||This article relies entirely upon a single source, the National Register Information System (NRIS) database or one of its mirrors. Articles based solely on the NRIS may contain errors. (March 2016) (Learn how and when to remove this template message)|
||This article includes a list of references, but its sources remain unclear because it has insufficient inline citations. (August 2011) (Learn how and when to remove this template message)|
|Location||419-425 Second St. S
|Area||less than one acre|
|Architectural style||Classical Revival|
|NRHP Reference #||04001351|
|Added to NRHP||December 15, 2004|
The Howes Building is a building in Clinton, Iowa. It was constructed by Edward Madison Howes (March 11, 1855 - February 9, 1936). His architect was Josiah Rice for the first three stories, finished in 1900 and John Morrell for the fourth story, finished in 1905.
Exterior-South (Fifth Avenue) and West (Second Street South) Facade- Front of Building The site of the Howes Building on the corner of Fifth Avenue and Second Street South was a very important location for commercial and retail business in Clinton, Iowa at the turn of the 20th century. Therefore, south and west facades of the Howes building were constructed with uniformly ornate and impressive design features. The wrap around design of the building unifies the south and west facade as the “front” of the building. Similarly, the building’s grand entrance was placed at an angle on the corner to emphasize the importance of both the south and west facade.
The original grand entrance to the building is accentuated by the chamfered corner of the building’s southwest façade. The effect of the chamfered corner is enhanced by careful placement of three window bays. The three rows of windows outline the chamfered corner with one bay in the center nestled between two remaining window bays. Two grand Ionic order pilasters made of red brick and topped with terra cotta capitals with decorative volutes separate and enrich the corner window bays. On the chamfered corner, a name stone reading “Howes” sits between the windows on the third and fourth level and a date stone reading “A.D. 1900” sits atop the fourth story window, just under the roof cornice.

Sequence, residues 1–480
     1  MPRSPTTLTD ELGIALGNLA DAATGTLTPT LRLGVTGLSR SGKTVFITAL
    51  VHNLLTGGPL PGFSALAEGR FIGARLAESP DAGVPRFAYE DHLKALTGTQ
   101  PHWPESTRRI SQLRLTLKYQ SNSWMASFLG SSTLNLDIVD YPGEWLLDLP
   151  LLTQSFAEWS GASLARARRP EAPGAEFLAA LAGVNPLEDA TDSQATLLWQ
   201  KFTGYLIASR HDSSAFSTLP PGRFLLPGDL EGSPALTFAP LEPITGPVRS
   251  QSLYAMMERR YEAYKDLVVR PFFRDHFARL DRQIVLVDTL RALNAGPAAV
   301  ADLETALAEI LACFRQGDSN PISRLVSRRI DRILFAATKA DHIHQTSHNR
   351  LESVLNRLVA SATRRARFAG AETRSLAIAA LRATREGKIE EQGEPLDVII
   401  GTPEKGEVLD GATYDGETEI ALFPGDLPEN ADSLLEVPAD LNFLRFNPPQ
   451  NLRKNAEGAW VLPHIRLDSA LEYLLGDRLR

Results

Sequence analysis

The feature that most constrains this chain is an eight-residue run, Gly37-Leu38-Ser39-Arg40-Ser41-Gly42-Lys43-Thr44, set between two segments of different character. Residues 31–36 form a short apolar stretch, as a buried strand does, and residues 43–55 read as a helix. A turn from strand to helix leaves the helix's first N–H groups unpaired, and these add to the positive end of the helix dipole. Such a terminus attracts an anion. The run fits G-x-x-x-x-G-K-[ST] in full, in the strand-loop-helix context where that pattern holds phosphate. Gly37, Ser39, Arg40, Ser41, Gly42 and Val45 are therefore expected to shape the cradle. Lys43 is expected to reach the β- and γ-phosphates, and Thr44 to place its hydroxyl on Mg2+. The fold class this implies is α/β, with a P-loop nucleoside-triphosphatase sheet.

The street level of the Howes Building hosts the most dramatic exterior alterations. According to the building’s previous owner (grandson of Edward M. Howes), the street level façade was first altered in 1914. Over the years, the street level of the building has undergone several alterations. In fact, much of the street level of the building has been covered with stucco and a rose quartz textured stone or wood. However, some of the original pilasters between display windows, columns and brick detail are thought to remain beneath a protective layer of plywood to which the stucco was applied.
The original chamfered corner entrance was set back within the building and was flanked by two large Doric columns. This grand entrance has been closed off with windows and is no longer an entrance to the building, but still possesses the original Doric order columns from the grand entrance. In addition, the original doorways which flank the building’s borders to the west (Second Street entrance) and south (Fifth Avenue entrance) remain intact. The Smaller, modern replacement windows with green awnings have replaced the original large transomed windows.
Upper stories of the Howes Building façade remain predominantly unaltered. The building’s second, third and fourth levels retain historical integrity with original red brick and terra cotta ornamentation. The windows are situated in symmetrical pairs divided and accentuated by ornamental brick pilasters. The Ionic pilasters feature decorative capitals with protruding volutes and are located between the third and fourth stories, representative of the building’s original 1900 roof line.
Exterior-South (Fifth Avenue) and West (Second Street South) Facade- Front of Building
The fourth story was added to the building in 1905 and represents a slight aesthetic departure from the building’s original Classic Revival symmetry. Windows on the 4th story were designed smaller than those on the second and third stories but are positioned in keeping with the original window bays. There are two smaller windows on the fourth level to each large window of the second and third stories. The roof line on the 1905 fourth story addition has classical style moldings on an ornamental cornice which projects from the top of the building.
The Howes Building has been listed in the National Register of Historic Places.
- The Clinton Daily Herald September 16, 1899
- The Clinton Daily Herald Monday August 27, 1900 p. 5
- The Clinton Daily Herald Saturday September 1, 1900 p. 3
- The Clinton Daily Herald Tuesday September 11, 1900 p. 3
- The Clinton Daily Herald Saturday September 15, 1900 p. 5
- The Clinton Herald Monday June 15, 1931